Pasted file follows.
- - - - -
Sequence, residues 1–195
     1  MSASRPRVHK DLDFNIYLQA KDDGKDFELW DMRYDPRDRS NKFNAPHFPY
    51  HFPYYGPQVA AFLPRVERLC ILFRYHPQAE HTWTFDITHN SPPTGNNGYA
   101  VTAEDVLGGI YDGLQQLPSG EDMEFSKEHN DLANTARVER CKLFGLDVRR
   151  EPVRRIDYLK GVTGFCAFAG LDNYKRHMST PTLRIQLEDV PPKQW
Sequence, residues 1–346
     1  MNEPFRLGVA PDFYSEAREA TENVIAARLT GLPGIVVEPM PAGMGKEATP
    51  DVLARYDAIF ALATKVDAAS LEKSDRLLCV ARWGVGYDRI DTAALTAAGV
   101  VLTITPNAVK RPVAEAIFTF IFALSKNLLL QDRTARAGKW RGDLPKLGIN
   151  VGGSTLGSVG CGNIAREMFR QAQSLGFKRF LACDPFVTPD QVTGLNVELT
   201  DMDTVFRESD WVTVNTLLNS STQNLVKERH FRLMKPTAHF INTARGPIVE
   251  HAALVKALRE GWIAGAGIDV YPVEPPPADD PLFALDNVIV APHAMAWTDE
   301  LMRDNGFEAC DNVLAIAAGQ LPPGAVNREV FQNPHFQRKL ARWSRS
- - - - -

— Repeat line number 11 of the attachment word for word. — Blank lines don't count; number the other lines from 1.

   201  DMDTVFRESD WVTVNTLLNS STQNLVKERH FRLMKPTAHF INTARGPIVE